It could be that the things in life that have hardened my heart are the same ones that motivate me to want to push my friends in shopping carts running full speed down the street. Maybe watching how bad things ended with my parents is what makes me not take men so seriously anymore because I’m afraid of promising a forever that I can’t keep. Maybe having to start over in my career has knocked me down so many notches that I have no idea what I’m really doing at the moment. I can laugh at very awful jokes and not take everything so seriously, but I do have to be mindful of the moments when I should simmer down and be careful with the feelings of others.

Sometimes it feels good to step away from my desk at work, grab a basketball and shoot some hoops before our students come out for recess. Maybe it would be dumb to think that having a better income or getting married and starting a family would make me more of an adult.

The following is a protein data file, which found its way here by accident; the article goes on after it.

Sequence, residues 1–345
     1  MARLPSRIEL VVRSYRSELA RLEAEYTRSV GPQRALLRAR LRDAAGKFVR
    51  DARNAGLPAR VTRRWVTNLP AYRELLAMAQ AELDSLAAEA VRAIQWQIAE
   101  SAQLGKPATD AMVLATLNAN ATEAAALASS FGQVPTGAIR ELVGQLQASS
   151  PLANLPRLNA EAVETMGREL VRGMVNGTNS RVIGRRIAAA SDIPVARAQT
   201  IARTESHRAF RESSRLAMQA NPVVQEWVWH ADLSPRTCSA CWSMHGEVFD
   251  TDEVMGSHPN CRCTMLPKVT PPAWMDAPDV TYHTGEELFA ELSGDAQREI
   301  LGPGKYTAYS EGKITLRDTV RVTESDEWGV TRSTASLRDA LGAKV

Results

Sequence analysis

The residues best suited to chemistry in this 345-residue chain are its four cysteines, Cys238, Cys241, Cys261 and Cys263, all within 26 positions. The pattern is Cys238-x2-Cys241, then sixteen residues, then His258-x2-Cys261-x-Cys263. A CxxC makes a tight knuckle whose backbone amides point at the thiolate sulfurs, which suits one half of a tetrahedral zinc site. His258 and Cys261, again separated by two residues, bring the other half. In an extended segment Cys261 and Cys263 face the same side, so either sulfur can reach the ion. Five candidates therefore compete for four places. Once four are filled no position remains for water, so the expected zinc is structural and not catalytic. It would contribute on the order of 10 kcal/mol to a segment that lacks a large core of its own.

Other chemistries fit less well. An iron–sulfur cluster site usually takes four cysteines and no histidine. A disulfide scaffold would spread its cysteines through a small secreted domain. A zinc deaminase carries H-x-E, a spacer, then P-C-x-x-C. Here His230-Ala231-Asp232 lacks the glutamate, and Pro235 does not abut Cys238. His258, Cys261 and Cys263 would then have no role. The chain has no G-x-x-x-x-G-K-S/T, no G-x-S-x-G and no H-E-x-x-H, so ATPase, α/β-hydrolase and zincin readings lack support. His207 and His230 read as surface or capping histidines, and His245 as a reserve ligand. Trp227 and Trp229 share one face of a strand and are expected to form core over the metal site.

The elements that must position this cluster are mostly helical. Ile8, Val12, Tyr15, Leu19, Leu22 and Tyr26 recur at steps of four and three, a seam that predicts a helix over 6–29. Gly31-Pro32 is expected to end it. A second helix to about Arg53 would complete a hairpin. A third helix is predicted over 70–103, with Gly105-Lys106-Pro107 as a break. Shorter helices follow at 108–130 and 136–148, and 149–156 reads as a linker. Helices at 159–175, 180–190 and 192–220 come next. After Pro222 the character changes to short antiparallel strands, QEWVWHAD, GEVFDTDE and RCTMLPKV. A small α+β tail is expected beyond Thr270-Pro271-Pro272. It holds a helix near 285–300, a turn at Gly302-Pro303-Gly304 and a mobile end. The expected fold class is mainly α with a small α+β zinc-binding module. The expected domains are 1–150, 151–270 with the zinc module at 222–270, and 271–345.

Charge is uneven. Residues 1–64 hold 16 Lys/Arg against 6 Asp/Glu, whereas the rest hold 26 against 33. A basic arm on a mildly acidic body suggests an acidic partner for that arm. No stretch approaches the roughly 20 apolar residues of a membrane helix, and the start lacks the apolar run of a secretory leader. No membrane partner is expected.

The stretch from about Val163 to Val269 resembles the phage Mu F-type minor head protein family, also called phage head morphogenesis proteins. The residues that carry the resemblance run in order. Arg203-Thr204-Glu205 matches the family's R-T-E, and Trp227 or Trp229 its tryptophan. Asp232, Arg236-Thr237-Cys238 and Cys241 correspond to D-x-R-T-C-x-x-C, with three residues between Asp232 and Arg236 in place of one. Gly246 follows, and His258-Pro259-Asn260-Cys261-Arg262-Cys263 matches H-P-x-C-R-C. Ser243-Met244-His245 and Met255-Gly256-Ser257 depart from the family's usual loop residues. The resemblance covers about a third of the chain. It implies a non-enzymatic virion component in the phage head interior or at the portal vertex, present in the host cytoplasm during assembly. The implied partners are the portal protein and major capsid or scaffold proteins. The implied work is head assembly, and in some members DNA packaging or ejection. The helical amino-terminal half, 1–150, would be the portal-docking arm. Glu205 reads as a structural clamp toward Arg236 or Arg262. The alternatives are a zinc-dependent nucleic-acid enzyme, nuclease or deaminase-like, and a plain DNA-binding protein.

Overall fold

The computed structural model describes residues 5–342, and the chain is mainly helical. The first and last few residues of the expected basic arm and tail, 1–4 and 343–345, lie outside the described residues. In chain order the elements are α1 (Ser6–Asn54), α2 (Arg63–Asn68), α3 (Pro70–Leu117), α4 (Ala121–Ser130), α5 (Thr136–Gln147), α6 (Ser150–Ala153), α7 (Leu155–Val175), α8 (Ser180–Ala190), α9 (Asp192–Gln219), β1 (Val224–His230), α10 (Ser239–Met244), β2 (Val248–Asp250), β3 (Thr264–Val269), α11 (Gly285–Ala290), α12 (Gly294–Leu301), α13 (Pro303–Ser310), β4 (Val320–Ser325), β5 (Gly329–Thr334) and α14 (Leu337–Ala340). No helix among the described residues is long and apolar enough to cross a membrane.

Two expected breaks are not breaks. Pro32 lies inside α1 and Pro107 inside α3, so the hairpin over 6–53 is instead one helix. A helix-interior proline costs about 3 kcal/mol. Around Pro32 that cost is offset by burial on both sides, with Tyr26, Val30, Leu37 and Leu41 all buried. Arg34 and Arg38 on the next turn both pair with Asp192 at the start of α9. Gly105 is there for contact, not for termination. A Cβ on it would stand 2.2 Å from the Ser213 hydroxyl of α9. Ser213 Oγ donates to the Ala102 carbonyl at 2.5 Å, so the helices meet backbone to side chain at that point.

I think my pal Matty sums the feel of this quite well:

I do have a list to keep me in touch with being a grown up:

  • Be a woman or man of your word. When you say you’ll do something, do it and don’t flake.
  • Arrive to meetings on time (still working on this one).
  • Pay back debts to people who loan money to you in good faith.
  • Give back the books you borrow.
  • Give someone gas money when they give you a ride to and from the airport.
  • Tell your caretakers that you are thankful for them.
  • Cook dinner for friends and family.
  • Keep your car clean, inside and out.
  • Don’t withdraw money from your bank account if you know it will cause you to be overdrawn.
  • Learn how to balance a checking account whether on Excel or on a paper ledger. No excuses. Basic math is BASIC.

There are times when I look in the mirror and still see the kid who used to wash her face with Noxzema and who couldn’t control her huge, frizzy hair. Then some nights, with the right amount of makeup, I can almost pull off looking like I know what I’m doing and where I am going with all of this life I have ahead of me.